A sink full of students and curriculum


I teach science. I teach science in a high school that has neither a lab tech, nor laboratory space that would be considered 21st century. What I do have is a sink, a bunch of teenagers and, what I realize every year about this time, really bad classroom norms for cleaning up after laboratory work. Invariably, long after all of my colleagues have finished boxing their belongings and have left the building for the summer, I face the task of scrubbing a plethora of glassware left in my classroom sink as my own children, done with school, wonder when we can leave and start our summer.

So I stood at the sink today scrubbing, scratching and cleaning … and remembering all of the good work my students did this year. There was:

The buret– jammed with a wet plug of cotton just far enough down that it was out of easy reach. One of my students had used this tool for her Gateway project on natural water filtration. She had asked the essential question, “In what ways can nature filter out pollutants?” She tested various substances to see how effective they would be in filtering heavy metals, organics, and bacteria. Not very effective she found out. Nature has a hard time dealing with pollution. The cotton plug was equally difficult to remove.

The separatory funnel – was sticky and hard to wash out. We had modified a chemistry unit this year to focus on alternatives to fossil fuels. The kids took their first foray into chemical lab work this year, making biodiesel from household corn oil. They were excited to make connections between our school work and some real issues the world is facing. The soap by-product left over from making the biodiesel finally helped me clean the funnel.

The black, brown, crusted, grimy, thing – left in a round bottom flask by a student who had always wondered why he and poison ivy were mortal enemies. His project focused on understanding plant essential oils; what they are, why plants make them, how to isolate them, and why poison ivy oil’s biological effects lead to his semi-regular hospital visits. After steam distilling an essential oil from cloves (his teacher advised against using poison ivy) my student was left with the classic black crud, that even more experienced organic chemistry students have struggled to clean for ages.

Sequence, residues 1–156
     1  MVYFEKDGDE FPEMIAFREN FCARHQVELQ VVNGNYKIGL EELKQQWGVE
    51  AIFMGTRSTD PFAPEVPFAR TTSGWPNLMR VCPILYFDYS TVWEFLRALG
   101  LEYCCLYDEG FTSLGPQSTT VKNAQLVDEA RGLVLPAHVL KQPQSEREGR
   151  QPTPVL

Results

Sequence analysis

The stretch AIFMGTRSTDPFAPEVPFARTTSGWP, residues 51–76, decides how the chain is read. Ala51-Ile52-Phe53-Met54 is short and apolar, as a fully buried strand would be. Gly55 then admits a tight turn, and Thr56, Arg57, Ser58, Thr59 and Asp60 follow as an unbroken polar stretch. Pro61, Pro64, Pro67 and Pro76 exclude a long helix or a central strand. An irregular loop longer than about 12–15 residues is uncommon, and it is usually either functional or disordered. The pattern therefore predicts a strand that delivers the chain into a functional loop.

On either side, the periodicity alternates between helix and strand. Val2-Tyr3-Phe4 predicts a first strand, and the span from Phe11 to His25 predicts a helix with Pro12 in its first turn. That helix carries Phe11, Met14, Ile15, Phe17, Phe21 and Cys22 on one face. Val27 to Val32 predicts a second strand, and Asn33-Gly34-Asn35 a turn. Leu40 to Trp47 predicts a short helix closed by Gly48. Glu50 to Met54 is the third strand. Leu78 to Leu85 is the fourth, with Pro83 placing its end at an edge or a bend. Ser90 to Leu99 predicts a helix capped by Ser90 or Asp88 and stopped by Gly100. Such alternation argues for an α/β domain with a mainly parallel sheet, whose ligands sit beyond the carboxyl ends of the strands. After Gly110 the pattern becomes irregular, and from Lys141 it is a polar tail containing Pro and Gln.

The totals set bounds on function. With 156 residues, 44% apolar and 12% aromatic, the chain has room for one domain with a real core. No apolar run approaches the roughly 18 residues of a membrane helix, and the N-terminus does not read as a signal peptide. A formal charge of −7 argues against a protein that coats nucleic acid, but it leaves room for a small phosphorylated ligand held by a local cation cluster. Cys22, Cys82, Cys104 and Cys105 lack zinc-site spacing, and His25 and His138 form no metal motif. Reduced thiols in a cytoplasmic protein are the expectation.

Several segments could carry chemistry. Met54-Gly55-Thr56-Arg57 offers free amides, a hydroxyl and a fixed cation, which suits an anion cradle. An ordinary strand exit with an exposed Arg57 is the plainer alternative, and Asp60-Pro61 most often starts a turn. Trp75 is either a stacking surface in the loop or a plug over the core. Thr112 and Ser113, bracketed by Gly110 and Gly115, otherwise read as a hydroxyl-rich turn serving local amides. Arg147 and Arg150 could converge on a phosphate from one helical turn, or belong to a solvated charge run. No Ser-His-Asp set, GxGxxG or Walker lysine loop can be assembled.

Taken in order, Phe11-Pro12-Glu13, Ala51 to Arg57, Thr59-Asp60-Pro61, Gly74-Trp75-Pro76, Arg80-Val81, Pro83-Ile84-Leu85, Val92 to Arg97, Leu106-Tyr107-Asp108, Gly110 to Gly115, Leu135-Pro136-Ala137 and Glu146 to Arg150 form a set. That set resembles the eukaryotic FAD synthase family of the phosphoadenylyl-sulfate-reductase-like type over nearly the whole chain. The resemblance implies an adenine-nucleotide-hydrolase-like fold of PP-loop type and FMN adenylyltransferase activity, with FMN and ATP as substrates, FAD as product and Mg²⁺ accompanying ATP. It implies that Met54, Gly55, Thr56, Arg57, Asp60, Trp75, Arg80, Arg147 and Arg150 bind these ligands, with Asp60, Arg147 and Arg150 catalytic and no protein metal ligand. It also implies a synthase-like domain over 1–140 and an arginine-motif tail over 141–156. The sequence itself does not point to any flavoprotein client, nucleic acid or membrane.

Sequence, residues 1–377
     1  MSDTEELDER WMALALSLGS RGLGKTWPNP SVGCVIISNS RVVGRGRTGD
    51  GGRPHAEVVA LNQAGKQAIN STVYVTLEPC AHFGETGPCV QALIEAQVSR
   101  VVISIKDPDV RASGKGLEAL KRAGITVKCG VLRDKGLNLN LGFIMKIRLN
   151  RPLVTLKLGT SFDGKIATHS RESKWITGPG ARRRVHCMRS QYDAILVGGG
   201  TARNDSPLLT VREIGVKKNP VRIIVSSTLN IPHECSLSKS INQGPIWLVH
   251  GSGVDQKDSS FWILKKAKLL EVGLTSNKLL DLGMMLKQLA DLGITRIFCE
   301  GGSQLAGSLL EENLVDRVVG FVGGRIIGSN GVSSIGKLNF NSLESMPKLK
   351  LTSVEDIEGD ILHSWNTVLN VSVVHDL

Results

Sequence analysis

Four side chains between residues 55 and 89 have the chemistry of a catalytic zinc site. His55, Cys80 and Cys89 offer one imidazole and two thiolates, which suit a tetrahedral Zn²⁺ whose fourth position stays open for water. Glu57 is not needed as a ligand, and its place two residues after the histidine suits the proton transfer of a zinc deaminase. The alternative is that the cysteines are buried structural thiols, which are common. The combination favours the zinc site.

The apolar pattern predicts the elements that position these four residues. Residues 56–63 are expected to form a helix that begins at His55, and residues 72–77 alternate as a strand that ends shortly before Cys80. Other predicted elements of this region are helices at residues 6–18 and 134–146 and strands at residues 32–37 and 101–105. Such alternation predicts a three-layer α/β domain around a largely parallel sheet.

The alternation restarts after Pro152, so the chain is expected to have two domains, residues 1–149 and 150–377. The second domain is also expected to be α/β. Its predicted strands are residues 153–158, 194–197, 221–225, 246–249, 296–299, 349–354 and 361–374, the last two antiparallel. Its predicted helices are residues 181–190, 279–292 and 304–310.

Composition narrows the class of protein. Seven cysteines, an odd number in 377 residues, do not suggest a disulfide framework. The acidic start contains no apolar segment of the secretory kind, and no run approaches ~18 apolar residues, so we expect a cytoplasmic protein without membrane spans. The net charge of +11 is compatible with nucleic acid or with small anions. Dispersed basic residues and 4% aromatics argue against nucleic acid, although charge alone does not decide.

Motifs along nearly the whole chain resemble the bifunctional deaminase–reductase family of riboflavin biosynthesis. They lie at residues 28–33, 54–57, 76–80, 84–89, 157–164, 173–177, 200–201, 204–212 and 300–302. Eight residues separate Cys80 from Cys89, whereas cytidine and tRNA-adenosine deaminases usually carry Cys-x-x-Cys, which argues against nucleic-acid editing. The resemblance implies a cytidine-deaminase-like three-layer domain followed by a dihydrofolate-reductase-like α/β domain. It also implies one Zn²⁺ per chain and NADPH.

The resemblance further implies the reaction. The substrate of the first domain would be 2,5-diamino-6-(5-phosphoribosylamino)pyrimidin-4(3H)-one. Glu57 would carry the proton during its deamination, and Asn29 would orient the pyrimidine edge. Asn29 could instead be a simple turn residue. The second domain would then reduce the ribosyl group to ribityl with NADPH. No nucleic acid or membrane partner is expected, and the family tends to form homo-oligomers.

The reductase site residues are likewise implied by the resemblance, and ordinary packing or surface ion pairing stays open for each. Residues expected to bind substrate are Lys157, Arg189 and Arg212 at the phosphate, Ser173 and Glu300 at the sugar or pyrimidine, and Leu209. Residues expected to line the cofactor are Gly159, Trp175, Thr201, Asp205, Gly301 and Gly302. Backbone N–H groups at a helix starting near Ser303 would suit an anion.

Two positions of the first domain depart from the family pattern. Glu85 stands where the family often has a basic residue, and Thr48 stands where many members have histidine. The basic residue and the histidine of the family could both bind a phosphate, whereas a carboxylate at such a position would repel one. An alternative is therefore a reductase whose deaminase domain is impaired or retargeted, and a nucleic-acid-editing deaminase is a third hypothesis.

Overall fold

There were other tools left behind from our work this year. Not every project was successful (the genetically modified blue bacteria, which never turned blue). But the goal was to offer my students a 21st century science curriculum, despite a lab space that is not 21st century equipped. A curriculum that allows students to ask interesting questions, and then have the opportunity to leave their seats, use the materials available to them, and begin to answer some of those questions on their own. My students’ dirty remnants are a good reminder that we had done some good work together this year.

But I do need to get better at my classroom norms. My children remind me every year as they wait for the summer to start.

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